You may know the reasons why quantum computing has attracted so much excitement. Despite the enormous progress we’ve achieved as a society with “classical” computers, they simply don’t have enough memory or processing power to solve historically intractable problems. Quantum computers, working with classical computers via the cloud, could be the answer for at least some of these, for now.
Much of the promise of quantum computers will require something called “fault-tolerance,” a goal likely still a decade or more away. But these initial signs of a computational advantage can be acheived with nearer-term approximate quantum computers, which are coming online now. The IBM Q Network systems are the most advanced superconducting universal quantum computers anywhere in the world today. With these systems, scientists will continue to push the field towards the initial demonstrations of “quantum advantage” with applications in chemistry, optimization, and machine learning.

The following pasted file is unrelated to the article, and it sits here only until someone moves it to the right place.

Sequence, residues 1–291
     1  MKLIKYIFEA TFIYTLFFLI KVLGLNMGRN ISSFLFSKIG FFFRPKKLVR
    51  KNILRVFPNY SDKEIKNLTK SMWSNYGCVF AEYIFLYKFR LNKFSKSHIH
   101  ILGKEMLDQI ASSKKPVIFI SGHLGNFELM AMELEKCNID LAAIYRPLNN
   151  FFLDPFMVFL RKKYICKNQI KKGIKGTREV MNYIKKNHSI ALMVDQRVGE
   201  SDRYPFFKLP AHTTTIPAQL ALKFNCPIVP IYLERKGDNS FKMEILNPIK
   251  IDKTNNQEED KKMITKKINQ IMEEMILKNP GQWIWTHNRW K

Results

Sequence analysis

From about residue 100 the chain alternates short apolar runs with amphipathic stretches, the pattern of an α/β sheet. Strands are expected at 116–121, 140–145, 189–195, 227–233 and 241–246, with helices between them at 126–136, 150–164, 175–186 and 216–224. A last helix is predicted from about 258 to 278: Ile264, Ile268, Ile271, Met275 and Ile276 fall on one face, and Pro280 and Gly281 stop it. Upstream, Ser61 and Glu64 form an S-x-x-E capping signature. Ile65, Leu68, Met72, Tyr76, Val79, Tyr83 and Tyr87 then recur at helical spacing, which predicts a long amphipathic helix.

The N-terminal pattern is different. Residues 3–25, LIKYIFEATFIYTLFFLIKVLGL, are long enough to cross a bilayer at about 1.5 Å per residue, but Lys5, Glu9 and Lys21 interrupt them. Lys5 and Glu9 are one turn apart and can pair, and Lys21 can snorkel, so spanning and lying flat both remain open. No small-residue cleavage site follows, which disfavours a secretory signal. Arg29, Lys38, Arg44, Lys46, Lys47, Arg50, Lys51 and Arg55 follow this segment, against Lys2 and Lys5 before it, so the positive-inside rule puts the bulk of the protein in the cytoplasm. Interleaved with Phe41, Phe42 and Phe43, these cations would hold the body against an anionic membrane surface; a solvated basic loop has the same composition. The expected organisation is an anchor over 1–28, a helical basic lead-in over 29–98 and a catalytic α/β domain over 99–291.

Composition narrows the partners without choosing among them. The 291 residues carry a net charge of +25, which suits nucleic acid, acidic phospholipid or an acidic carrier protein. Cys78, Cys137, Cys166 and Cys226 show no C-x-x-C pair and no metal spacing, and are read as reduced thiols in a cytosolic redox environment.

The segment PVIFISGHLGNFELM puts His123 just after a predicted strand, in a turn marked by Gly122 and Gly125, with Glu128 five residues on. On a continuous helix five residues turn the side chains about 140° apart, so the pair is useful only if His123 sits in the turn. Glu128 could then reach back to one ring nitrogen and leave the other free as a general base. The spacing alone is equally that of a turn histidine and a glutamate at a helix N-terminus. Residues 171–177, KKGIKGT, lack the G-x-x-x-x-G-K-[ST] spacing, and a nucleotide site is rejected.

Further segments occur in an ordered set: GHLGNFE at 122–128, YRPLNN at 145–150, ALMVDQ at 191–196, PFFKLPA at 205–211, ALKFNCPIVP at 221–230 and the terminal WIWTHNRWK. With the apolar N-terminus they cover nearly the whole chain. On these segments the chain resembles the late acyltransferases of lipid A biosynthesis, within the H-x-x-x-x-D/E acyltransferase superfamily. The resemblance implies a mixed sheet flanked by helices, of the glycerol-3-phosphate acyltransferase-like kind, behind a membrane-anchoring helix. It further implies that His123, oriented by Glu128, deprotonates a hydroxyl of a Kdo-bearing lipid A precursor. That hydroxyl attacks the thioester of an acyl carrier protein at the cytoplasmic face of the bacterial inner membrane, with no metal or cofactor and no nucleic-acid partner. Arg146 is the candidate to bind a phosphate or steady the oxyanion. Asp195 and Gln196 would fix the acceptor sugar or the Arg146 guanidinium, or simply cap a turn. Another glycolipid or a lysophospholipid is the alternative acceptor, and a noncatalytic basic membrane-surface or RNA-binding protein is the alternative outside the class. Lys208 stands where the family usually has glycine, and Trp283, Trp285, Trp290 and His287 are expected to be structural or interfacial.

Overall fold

The applications of real-world quantum computing are endless. New drug formulas will be tested by a quantum computer in seconds rather than through years of expensive, complicated trials. Vaccines for pandemics could be formulated within hours of the disease being identified. Autonomous robots and nanobots will be capable of constructing off-world communities using “found” resources on other planets or moons. Business plans will show investors the likelihood of success or failure, saving trillions of dollars while focusing financial resources on the best possible startups. For instance, one of the IBM Q Network collaborators includes, JPMorgan Chase, which will explore how quantum computing might address the challenges of trading strategies, portfolio optimization, asset pricing, and risk analysis.
You get the idea.
Quantum Computers will change life as we know it.